Also if we do want to increase blocksize then my particular take is that it seems silly to bump it 2x once, and then blocks fill up and then we hard-fork again? Every time we hit the limit we hard-fork again? We might as well add a percent increase per annum and have something where it grows gradually. Agreeing on the exact numbres and timeframe are obviously some areas where it might cause disagreement.
Hard-forks and inevitable chain splits
Hard-forks might inevitable cause chain splits. I think this is something that we have come to accept. I think that back in 2015, we thought hard-forks might be a way to upgrade the protocol and assume everyone has the incentive to switch. We’ve seen several hard-forks now. The ethereum hard-fork is an example where people with different ideologies decided to stick it out and mine the old chain. I think we’re going to see that in bitcoin. Even a tiny group of people tha tdon’t want change, we’re going to see a chain split. I think at this point, avoiding a chain split is not an option, but rather we have to work to mitigate the chain splits. This means including things like replay protection, using different address formats, protecting SPV clients, things like that. Market mechanisms and price discovery, liquidity, trying to see whether or not the market actually supports the changes.
Are there situations where the legacy chain will be voluntarily abandoned? I think if we were doing a hard-fork that was a win for everyone and maybe just some guy that just hasn’t connected to bitcoin in years and has a node that he hasn’t spun up… there’s going to be a few of these people out there. There could be a hard-fork where everyone agrees, but still the logistics and coordination is difficult and it probably needs to be done with a lot of anticipation and some mechanism to mitigate any kind of issues there.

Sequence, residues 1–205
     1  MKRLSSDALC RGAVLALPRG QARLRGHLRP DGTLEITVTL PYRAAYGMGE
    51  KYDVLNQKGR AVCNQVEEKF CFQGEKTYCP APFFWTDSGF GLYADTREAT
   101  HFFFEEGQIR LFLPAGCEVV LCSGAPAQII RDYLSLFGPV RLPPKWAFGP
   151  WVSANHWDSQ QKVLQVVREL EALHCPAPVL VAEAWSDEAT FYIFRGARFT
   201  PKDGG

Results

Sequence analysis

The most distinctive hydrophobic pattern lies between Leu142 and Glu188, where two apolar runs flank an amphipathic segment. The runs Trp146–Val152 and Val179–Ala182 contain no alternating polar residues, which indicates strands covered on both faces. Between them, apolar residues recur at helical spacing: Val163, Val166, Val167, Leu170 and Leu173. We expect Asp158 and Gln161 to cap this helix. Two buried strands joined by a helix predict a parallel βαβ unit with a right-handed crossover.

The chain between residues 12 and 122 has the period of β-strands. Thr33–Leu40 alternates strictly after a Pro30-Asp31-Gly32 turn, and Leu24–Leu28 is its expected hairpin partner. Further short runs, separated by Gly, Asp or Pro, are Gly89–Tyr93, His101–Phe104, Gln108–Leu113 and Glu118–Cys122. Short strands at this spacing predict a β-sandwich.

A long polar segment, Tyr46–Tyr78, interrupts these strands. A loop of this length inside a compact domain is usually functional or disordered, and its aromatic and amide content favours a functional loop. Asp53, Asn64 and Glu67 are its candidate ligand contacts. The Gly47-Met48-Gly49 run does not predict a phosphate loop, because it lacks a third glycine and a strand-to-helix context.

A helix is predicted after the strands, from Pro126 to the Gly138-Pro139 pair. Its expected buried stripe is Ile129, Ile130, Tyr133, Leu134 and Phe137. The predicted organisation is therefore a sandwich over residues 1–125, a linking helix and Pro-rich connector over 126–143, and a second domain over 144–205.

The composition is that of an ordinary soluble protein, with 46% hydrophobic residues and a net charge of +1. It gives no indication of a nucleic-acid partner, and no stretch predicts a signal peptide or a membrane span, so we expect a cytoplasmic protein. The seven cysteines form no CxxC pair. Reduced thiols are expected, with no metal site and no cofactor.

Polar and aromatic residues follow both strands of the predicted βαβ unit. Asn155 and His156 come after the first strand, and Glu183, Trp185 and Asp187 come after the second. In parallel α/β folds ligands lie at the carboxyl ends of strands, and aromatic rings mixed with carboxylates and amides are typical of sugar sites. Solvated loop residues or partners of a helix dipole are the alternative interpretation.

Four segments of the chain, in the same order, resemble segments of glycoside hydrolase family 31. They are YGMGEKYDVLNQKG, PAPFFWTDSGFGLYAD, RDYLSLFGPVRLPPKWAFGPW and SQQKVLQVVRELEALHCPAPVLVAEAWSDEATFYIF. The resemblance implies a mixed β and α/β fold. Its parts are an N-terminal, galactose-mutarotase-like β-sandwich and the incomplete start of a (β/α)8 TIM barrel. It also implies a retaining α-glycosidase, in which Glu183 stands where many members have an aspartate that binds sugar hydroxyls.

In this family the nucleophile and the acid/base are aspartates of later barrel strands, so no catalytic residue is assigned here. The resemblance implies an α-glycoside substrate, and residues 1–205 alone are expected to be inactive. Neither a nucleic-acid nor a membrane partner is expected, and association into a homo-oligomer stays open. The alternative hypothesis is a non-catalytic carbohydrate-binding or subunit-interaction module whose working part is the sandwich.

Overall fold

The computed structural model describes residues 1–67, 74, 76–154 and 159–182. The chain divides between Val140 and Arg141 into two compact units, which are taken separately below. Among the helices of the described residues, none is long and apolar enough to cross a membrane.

Is it practical or ethical to kill the legacy chain? My personal belief is that as long as people want to use the chain, even a few people, then attacking the chain (like mining empty blocks indefinitely) is tantamount to attacking people’s personal property. I think this could be a serious problem.
If both chains survive, which one gets to keep the brand? This is the multi-billion dollar question. My personal view is that whoever is proposing the change, the onus is on them to demonstrate widespread support. The people who want to keep the status quo don’t have to demonstrate anything. The change needs to demonstrate overwhelming support.
I’m not sure how things are going to develop now. We’ve learned a lot in the past few years. Hopefully we will be able to do at least a few more upgrades. If not, then I’m happy we got segwit in so that we can start to do second layer stuff.
Q: What about the research going on spoonnet and spoonnet2 for hard-forks?
A: There’s a lot of interesting stuff there. jl2012 has been working on interesting stuff there. I think that at the end of the day there’s still going to be political issues even if you have a technical solution to the logistical issues… if you can’t get people to agree, then you’re still going to have problems. But it’s good to have ideas for replay protection. If you’re going to split, then split for good, and make sure there’s no way to merge again, and make sure you have a good way of coordinating that. This doesn’t fix the political aspects though.